Our Celebration of Self-Determination

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As with other important Armenian holidays, various governments and politicians issued statements on Sept. 21 on the occasion Armenia’s Independence Day.  The White House released a letter to the President of Armenia on the occasion, which stated, “we [the United States] remain committed to the promise of those early years, when Armenians proudly raised their tricolor flag for the first time since 1920.”

‘The citizens of Nagorno-Karabagh similarly decided to take control of their destiny and seek reunification with Armenia, but their desires were and continue to be ignored by the international community.’ (Photo: Rupen Janbazian)

North of the border, Canadian Prime Minister Justin Trudeau, issued a statement as well. In his statement, he stated, “Canada and the Republic of Armenia enjoy a dynamic and friendly relationship, rooted in the shared values of democracy and freedom…”

The promise of those early years was indeed that of a society based on democracy and freedom, and the citizens of this young republic continue to strive for maintaining and strengthening these principles in their country. However, what these statements do not acknowledge, is that the Armenian people raised their nation’s flag for the first time in over 70 years after a referendum that was held on Sept. 21, 1991, to determine whether citizens were in favor of independence from the Soviet Union.

The second independent Republic of Armenia came to existence because of the fundamental right of a group of people to exercise their right to self-determination. The foundation of any democracy is based on the idea of people being able to collectively choose their destiny. Anything less and they cannot be considered free.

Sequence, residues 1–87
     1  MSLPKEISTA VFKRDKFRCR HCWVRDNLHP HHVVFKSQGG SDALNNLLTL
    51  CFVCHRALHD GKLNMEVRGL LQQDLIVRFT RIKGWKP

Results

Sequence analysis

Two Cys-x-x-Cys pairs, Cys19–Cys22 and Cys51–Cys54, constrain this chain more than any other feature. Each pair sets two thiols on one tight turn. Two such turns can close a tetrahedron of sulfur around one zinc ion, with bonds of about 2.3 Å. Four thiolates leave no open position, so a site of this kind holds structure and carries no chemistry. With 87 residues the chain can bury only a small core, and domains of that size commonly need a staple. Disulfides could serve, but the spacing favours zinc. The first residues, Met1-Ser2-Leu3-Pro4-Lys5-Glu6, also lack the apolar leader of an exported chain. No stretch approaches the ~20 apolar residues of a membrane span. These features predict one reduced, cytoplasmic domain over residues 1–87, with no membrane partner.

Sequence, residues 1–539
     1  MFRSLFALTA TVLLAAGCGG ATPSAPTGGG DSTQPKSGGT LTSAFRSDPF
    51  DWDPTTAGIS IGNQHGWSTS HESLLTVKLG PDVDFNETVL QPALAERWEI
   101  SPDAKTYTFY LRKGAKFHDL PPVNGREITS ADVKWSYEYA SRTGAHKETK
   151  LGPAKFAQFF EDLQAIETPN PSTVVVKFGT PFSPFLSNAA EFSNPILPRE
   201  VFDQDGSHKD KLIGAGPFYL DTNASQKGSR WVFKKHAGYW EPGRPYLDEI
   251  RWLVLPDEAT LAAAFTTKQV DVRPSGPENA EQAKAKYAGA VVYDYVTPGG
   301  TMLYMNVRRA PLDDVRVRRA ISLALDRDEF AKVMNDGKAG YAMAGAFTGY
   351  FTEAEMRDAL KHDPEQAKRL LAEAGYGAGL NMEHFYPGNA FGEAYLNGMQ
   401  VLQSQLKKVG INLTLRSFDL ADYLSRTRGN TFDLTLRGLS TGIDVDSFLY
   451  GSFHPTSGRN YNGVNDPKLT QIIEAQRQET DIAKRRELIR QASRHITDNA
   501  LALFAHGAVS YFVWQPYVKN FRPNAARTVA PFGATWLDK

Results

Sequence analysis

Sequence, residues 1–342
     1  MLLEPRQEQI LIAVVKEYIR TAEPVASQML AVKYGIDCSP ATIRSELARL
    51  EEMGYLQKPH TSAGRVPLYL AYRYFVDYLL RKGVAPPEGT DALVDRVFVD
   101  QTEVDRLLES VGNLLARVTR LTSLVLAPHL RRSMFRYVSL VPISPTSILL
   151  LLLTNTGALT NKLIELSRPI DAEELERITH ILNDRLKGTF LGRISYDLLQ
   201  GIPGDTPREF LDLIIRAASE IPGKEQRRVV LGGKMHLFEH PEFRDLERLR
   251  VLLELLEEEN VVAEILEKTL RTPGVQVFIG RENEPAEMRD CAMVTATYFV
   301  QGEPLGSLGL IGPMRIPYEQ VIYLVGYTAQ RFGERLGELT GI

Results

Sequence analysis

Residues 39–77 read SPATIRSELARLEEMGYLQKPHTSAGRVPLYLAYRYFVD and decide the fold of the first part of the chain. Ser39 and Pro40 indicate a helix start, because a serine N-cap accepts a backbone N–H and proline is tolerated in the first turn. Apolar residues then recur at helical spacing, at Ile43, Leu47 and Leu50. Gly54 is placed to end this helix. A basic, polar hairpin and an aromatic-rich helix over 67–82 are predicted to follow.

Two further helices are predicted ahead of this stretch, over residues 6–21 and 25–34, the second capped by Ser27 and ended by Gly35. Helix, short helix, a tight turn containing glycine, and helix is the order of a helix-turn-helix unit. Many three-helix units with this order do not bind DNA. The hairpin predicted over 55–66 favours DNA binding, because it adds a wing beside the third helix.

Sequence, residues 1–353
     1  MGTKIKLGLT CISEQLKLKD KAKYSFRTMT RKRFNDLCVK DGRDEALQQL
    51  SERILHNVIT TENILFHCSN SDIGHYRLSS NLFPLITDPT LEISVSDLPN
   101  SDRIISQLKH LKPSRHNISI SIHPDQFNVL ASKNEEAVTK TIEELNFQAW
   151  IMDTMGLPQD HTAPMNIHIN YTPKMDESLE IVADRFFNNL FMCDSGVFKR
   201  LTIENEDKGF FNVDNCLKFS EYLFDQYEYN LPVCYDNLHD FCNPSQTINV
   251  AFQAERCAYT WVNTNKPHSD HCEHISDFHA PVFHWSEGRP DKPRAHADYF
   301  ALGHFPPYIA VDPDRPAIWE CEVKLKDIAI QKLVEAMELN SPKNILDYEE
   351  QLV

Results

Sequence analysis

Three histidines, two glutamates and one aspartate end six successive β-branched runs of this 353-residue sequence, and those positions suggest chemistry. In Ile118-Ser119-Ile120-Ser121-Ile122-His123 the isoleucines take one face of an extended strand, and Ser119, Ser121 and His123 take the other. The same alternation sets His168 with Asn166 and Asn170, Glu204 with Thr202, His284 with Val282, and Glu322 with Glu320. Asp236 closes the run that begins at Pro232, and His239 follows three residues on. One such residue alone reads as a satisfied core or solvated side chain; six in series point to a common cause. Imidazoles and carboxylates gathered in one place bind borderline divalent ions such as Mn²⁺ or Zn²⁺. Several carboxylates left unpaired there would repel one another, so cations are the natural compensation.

The citizens of Nagorno-Karabagh (Artsakh/NKR) similarly decided to take control of their destiny and seek reunification with Armenia, but their desires were and continue to be ignored by the international community.

The people started a petition for reunification in 1988—an unofficial referendum—which received 80,000 signatures; demonstrations ensued in Stepanakert and Yerevan; and eventually, the regional soviet of Nagorno-Karabagh oblast took the unprecedented action of voting for reunification. They decided to undo the “divide and rule” strategy Stalin had imposed and restore Armenia as a cohesive nation with integral borders. They decide to reject the return of administrative control of the region to Azerbaijan and the oppressive rule that threatened every aspect of their lives. They decided that only they can choose and forge their future—only then would they be free.

A couple months after establishment of the Republic of Armenia, on Dec. 10, 1991, the people of Nagorno-Karabagh again held their own referendum. Not sanctioned by the Azerbaijani government, but sanctioned by the collective will and need of a people who had no leadership or government that intended to safeguard and promote their livelihood and identity. The results were ignored, and violence and war escalated only further until the ceasefire of 1994.

Sept. 21 celebrations in Yerevan (Photo: Araz Chiloyan)

The people of Nagorno-Karabagh were and continue to be denied their right to freedom, safety, and prosperity. While the Republic of Armenia has experienced 25 years as an independent country, NKR does not celebrate the same type of independence. Instead, it marks an ongoing struggle for recognition that began more than 25 years ago.

The Diaspora should be thankful and happy to receive statements of congratulations from their governments and politicians on the occasion of Armenia’s Independence Day. However, they should be steadfast in their advocacy—especially on a day celebrating independence—for Artsakh’s populations’ unrecognized right to democracy and freedom. The people of NKR shared a common struggle, who took the same path of self-determination, and yet continue to be ignored by the world.

Our discussions about the struggles and challenges Armenia face 25 years on must include the integrity of Nagorno-Karabagh’s borders and reunification with Armenia. This is our common Armenian issue—one that the international powers cannot ignore and separate from our greater identity.

The day when an independent, free, and united Armenian homeland is truly realized is the day we may truly declare our Independence Day.

Source: Armenian Weekly
Link: Our Celebration of Self-Determination